The tools can be used to build devices that leverage an existing connected speaker with Google Assistant to deliver content and respond to commands that require cloud computing resources.

Google Assistant Connect also includes features that will make it simpler for customers to set up their new smart home devices by offering an easier way to pair with Google Assistant.

For some examples of how this could work: a device maker could integrate an e-ink display that shows the weather or your calendar, while the Assistant Connect delivered content provided by the customer’s linked smart speaker to update the display with your current meetings and temperature. That allows the manufacturer’s device to benefit from an existing smart speaker’s capabilities instead of having to integrate that technology itself.

This is similar to how Amazon’s Alexa Connect Kit is used with various smart devices, like the Alexa microwave. 

Google Assistant Connect can also be used in rooms where a Google Assistant smart speaker isn’t available, to allow devices to respond to simple voice commands — like ordering an air conditioner to turn itself on or off, for instance.

The simpler setup feature also rivals Amazon’s newer Wi-Fi Simple Setup for Alexa devices.

Google Assistant Connect will simply set up, as well, by allowing devices to connect to Google Home speakers without the need for a separate bridge or hub. This is an area Google had somewhat ventured into back in October with the launch of Google + C by GE smart LED bulbs, which were made to work with Google devices without a hub. Now this same capability will be a part of this broader toolkit for device makers.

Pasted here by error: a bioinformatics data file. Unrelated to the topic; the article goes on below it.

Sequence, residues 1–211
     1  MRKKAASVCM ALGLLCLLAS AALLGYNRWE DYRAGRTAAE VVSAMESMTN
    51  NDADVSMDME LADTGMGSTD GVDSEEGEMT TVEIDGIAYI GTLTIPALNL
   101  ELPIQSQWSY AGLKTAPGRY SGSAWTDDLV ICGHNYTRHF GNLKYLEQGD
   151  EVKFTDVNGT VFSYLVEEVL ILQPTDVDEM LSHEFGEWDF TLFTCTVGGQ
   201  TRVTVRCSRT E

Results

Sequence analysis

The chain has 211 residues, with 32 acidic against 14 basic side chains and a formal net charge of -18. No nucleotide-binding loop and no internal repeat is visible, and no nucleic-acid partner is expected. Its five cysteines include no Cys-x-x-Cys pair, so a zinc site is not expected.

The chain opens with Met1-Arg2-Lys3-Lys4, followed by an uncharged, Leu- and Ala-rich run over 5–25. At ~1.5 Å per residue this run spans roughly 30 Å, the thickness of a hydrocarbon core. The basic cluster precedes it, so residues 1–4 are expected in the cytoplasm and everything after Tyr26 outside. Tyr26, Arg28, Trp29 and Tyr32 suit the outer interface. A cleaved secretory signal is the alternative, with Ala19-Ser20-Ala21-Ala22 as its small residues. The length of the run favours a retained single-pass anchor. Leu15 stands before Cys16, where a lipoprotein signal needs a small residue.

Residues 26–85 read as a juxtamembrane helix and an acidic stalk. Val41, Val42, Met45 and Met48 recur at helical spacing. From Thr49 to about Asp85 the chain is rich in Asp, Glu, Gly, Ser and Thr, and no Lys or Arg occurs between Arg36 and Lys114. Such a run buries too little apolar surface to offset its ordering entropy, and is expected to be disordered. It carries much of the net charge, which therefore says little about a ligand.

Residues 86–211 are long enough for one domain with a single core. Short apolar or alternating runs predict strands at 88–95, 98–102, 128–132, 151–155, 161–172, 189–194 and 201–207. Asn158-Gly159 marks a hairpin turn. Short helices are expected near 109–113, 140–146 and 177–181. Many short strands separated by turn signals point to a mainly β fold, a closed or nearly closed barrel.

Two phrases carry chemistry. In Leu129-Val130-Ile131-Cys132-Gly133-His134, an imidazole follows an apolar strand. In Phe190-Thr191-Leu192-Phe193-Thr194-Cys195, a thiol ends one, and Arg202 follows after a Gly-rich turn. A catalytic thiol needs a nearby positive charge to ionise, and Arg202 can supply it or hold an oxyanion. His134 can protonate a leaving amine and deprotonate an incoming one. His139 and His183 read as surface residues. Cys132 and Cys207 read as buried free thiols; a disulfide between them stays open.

Google says it will have more to share about Assistant Connect later in the year, as it opens up to more manufacturers.

CES 2019 coverage - TechCrunch

Petcube upgrades its pet cameras, which now have Alexa built in

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Petcube’s popular line of pet cameras let people monitor, talk to and interact with their dogs and cats while away – including by doing things like doling out treats or turning on a laser toy, for example. Today, the pet camera maker is upgrading its line with two new devices, the Petcube Bites 2 and Petcube Play 2. These are redesigned and reimagined versions of the company’s existing pet cameras, which now offer improved sound and connectivity, a 180-degree ultra-wide lens, as well as built-in support for Alexa.

Both cameras now include a wide angle lens with up to 180 degree full-room views, so you can see more of the room than before. They also now include a premium audio experience with full duplex sound, a 4-microphone array and speaker bar. The cameras offer improved connectivity, with support for both 2.4 and 5 GHz Wi-Fi, as well.

Beyond the tech spec upgrades, what pet owners may be more excited about is the cameras’ new ability to work with Alexa, without requiring a separate Amazon Echo or other Echo device.

Instead, Petcube cameras can now take the place of a small smart speaker, like the Echo Dot, for example. Through Alexa, Petcube camera owners will be able to play music (hence the need for better sound), control other smart home devices, set alarms, listen to the news, check the weather, and more. They’ll also have access over 50,000 Alexa skills from their devices, including Petcube’s own companion voice application.

With the Alexa voice app, pet owners will be able to ask Alexa to fling treats, play with their pet, or order more pet supplies from Amazon, the company says. This Alexa skill was previously available to older generation devices, but required that the customer had their own Alexa device – now the Petcube is the Alexa device.

The two cameras are getting other tweaks, too.

The treat-dispensing device called the Petcubes Bites 2 has been redesigned to be more compact, so it can better fit into smaller spaces. It now also has a better “treat flinging” mechanism and can support a wider variety of treat sizes than before, so you can better control treat portions. The mechanism flings with more precision, too.